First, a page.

Waste heat likely to boost energy efficient production
Phys.org, September 30, 2015. Image credit: TBIT
Waste heat and solar process systems have potential to reduce the environmental impact of industrial production. Yet, their adoption is hampered by cost efficiency concerns as legislation still allows attractive subsidies for energy from other renewables. A specialist of energy efficient technologies, Dr. Uli Jakob of dr. jakob energy research, points to the key bottlenecks to address in the next decade to unlock real innovation in European and global factories.
What is the first thing a plant manager would need to look at to make production more efficient?
A plant manager is always mindful of his/her energy bills, and therefore has to ponder ways of using waste heat from production. This could include directing it to other industrial processes, or converting it into electricity through organic ranking cycle (ORC) or into cooling via thermally driven sorption chillers. Renewable energy sources could also be called on in order to lower operational costs for future production.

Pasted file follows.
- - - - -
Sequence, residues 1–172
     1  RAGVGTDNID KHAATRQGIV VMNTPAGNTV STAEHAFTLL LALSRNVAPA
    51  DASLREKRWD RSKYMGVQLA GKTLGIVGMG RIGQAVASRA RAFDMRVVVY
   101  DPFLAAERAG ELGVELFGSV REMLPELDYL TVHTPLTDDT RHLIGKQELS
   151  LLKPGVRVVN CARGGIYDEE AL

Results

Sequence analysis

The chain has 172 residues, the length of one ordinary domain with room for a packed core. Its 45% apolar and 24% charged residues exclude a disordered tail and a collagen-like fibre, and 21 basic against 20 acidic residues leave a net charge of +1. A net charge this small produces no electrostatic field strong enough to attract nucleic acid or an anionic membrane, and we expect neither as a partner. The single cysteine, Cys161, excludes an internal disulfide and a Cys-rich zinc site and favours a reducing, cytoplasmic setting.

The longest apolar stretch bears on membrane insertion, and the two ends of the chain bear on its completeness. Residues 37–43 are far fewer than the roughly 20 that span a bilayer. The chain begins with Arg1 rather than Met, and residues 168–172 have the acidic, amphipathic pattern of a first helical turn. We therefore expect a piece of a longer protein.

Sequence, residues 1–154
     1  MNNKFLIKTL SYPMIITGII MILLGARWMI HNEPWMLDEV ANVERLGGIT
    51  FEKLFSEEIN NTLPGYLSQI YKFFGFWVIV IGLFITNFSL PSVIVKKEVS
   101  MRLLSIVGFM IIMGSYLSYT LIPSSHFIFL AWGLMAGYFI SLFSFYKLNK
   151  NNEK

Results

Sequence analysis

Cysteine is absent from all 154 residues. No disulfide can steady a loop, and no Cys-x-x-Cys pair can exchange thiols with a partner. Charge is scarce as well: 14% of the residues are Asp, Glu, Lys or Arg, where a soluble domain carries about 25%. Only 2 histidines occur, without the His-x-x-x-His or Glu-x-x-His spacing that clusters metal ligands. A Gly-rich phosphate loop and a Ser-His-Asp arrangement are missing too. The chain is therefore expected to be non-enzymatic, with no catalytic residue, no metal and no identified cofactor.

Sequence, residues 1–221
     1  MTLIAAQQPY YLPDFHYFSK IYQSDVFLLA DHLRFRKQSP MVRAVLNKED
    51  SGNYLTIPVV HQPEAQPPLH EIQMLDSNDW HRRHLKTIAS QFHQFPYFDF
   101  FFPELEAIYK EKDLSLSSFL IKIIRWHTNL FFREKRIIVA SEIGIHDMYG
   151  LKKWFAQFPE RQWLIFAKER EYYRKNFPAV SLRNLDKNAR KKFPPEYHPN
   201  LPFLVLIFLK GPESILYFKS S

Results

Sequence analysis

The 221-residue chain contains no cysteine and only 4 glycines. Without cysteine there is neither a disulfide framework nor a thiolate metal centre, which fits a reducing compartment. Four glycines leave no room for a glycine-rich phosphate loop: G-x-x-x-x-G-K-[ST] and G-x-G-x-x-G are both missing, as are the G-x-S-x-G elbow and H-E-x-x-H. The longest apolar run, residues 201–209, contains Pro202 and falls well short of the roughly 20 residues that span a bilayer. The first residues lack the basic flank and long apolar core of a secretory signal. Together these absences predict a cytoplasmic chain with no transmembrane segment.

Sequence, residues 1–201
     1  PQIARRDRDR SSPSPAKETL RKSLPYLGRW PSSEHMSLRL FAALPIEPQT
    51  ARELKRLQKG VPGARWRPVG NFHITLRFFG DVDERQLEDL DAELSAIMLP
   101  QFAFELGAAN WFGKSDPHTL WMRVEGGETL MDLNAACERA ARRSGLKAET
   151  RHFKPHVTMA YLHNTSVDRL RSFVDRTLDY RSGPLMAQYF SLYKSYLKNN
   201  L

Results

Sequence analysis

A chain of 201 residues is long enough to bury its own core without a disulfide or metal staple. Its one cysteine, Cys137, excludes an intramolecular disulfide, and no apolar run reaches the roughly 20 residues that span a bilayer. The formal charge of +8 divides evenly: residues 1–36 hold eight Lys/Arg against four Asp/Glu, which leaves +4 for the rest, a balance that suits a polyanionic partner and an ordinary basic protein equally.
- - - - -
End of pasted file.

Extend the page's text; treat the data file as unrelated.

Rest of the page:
As a second step, it would be worthwhile to install meters to get a clear picture of the energy flows inside the factory and its production processes.
Does the specificity of a given production system favour certain technologies over others? For instance, foundries where temperatures are extremely high may have wildly different requirements in the textile or food sectors.
Yes, depending on the energy demands and/or the temperature level of a given production process, certain types of renewable sources or waste heat technologies can be selected and others disregarded. As an example, for foundries, solar thermal collectors make no sense because the maximum temperature level they can provide is about 100°C to 250°C depending on the technology (non-concentrating or concentrating collectors). However, this technology is very interesting for the food and textile sectors, where lower temperature levels are required for the production process.